Meaning of BOOST in English
I. boost 1 /buːst/ BrE AmE verb [transitive]
1 . to increase or improve something and make it more successful:
The new resort area has boosted tourism.
boost sb’s confidence/morale/ego
The win boosted the team’s confidence.
2 . ( also boost up ) to help someone reach a higher place by lifting or pushing them:
He boosted her up.
3 . if a ↑ rocket or motor boosts a ↑ spacecraft , it makes it go up into space or go in a particular direction
4 . American English informal to steal something
• • •
■ to make something increase
▪ increase to make something larger in number, amount, or degree:
Being overweight increases the risk of having a heart attack.
We need to increase the number of police officers on the streets.
▪ put something up to increase prices, taxes etc. Put up something is less formal than increase , and is the usual verb to use in everyday English:
The landlord has put the rent up again.
They’re always putting up gas prices.
▪ raise to increase something such as prices or taxes, or levels or standards:
The bank has raised interest rates for the third time this year.
The school aims to raise students’ levels of achievement.
▪ double/triple to increase the amount of something so that it is twice or three times as large:
The airline plans to double the number of passengers it carries by 2015.
High blood pressure triples the risk of strokes.
▪ boost to increase sales, profits, production etc, especially when they have been lower than you want them to be:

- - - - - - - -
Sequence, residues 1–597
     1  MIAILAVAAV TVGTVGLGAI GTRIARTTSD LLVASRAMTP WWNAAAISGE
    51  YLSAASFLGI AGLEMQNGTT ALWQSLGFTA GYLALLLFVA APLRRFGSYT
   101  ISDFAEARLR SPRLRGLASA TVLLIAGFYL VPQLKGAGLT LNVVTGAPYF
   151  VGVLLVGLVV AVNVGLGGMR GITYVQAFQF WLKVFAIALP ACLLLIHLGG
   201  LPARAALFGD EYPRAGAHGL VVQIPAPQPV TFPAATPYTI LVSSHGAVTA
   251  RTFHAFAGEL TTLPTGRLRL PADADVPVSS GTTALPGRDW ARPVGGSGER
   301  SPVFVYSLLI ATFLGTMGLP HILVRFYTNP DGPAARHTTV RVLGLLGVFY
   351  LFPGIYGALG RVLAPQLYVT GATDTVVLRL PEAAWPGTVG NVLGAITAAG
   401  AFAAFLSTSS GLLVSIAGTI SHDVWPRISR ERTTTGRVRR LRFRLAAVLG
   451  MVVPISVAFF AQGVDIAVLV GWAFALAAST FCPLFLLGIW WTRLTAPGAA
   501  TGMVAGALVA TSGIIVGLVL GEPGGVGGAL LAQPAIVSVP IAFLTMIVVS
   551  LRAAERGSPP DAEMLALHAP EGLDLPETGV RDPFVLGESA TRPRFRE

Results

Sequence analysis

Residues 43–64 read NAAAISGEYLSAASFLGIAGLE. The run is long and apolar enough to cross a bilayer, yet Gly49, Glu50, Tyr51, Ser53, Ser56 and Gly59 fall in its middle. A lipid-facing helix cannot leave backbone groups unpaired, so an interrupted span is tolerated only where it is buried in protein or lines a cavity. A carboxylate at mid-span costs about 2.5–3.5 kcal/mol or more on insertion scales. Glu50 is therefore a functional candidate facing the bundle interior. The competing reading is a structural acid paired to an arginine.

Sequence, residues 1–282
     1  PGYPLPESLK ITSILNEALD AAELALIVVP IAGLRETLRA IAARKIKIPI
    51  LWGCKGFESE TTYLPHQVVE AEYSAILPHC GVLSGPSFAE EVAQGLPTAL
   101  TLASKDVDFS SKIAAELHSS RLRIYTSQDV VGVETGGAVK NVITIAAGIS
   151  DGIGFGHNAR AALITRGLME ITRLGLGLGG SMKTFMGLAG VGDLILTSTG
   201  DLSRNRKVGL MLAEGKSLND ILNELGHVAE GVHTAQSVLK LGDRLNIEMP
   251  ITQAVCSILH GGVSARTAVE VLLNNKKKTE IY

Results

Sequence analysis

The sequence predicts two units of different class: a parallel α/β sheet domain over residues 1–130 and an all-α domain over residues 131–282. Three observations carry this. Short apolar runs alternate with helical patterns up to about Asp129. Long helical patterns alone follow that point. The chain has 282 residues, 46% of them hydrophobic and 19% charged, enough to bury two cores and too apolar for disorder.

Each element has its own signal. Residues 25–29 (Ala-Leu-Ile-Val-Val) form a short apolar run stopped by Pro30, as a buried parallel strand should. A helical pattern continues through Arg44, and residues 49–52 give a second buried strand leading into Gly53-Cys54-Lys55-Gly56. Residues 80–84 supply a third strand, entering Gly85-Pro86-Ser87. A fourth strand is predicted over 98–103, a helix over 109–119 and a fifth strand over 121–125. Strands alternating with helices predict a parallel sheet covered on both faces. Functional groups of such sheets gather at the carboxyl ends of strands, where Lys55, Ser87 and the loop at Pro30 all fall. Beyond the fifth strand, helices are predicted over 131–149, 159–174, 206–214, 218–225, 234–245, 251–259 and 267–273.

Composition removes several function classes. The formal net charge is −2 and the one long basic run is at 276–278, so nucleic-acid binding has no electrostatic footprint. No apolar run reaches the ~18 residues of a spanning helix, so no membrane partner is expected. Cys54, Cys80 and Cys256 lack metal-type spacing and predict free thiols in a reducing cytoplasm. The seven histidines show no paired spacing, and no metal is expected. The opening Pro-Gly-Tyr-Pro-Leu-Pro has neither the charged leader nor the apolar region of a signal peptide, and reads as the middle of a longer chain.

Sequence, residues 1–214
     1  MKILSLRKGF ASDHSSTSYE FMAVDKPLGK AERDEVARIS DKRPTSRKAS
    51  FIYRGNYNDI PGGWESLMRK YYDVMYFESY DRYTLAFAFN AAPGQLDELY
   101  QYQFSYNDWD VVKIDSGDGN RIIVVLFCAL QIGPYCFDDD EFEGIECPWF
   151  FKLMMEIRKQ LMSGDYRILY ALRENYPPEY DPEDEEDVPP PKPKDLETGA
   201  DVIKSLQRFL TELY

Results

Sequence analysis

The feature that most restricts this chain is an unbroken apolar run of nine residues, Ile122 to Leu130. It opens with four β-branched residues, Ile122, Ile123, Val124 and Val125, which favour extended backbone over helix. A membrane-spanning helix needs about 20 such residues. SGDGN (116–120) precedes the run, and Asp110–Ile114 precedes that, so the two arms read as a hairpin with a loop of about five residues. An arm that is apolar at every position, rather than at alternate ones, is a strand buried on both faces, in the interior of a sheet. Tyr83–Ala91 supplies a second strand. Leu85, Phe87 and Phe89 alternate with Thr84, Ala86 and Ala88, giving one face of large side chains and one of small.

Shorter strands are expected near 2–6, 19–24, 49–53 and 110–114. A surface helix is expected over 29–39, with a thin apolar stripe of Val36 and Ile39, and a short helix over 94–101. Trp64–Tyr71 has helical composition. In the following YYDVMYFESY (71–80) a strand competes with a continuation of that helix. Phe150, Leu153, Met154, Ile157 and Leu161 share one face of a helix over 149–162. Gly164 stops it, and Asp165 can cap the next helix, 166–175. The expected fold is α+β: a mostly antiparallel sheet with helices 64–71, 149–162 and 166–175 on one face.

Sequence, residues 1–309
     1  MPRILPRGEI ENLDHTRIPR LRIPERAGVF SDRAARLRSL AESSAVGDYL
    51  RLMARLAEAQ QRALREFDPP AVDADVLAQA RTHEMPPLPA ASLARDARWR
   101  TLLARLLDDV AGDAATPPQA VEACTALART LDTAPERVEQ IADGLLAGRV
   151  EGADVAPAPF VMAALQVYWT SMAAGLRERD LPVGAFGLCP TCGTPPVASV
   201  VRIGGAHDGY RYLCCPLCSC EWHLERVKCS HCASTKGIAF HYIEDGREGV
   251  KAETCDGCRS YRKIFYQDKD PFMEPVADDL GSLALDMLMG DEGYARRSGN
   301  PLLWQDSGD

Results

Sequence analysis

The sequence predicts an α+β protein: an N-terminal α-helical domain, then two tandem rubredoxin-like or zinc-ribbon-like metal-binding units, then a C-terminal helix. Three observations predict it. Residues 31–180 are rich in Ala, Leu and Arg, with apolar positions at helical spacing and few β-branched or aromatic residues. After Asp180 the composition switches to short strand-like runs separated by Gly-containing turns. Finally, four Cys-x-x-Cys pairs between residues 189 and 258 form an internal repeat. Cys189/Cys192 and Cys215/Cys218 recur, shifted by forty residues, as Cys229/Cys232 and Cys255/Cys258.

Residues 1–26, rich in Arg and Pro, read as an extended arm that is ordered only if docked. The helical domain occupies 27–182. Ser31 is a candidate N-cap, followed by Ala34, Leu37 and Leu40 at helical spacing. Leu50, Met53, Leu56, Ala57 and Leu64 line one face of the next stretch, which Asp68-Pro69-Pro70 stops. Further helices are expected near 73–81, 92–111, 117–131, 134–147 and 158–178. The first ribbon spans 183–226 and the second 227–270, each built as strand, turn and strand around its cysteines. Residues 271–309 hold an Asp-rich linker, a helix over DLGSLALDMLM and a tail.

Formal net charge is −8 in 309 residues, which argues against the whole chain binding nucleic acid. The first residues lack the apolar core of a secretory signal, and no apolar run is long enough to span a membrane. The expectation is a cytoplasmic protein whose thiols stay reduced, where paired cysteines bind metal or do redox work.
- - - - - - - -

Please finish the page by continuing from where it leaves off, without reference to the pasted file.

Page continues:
Growing affluence has boosted sales.
Oil exports boosted the economy.
▪ expand to increase something so that it contains a wider range of things, or to increase the size of a business:
The company plans to expand its retail operations.
Supermarkets have expanded their ranges to include non-food items.
▪ extend to increase something such as your power or influence, or the number of things you are involved in:
We are hoping to extend the range of services that we offer.
The company plans to extend its dominance of the world car market.
▪ step up something to increase your efforts or activities, especially to change a situation:
Security has been stepped up following the bombing.
Local people have stepped up their campaign to prevent a prison being built in their neighbourhood.
▪ heighten to increase a feeling or effect:
The attack has heightened concerns about racism in schools.
Hunger can heighten the effect that alcohol has on you.
▪ maximize to increase something as much as possible:
Businesses try to maximize efficiency and cut costs.
To maximize the chances of a successful pregnancy, you should make sure that you eat well.
II. boost 2 BrE AmE noun
1 . [singular] something that gives someone more confidence, or that helps something increase, improve, or become successful
a major boost to the economy
a multimillion-pound boost for the British film industry
Add a little more vanilla, to give the flavor a boost.
get/receive a boost
The community will get a boost from a new library and recreation center.
The poll provided a morale boost for the Conservatives.
2 . give somebody a boost (up) to lift someone so that they can reach a higher place:
If I give you a boost, could you reach the window?
3 . [uncountable] an increase in the amount of power available to a ↑ rocket , piece of electrical equipment etc
Longman Dictionary of Contemporary English. Longman - Словарь современного английского языка. 2012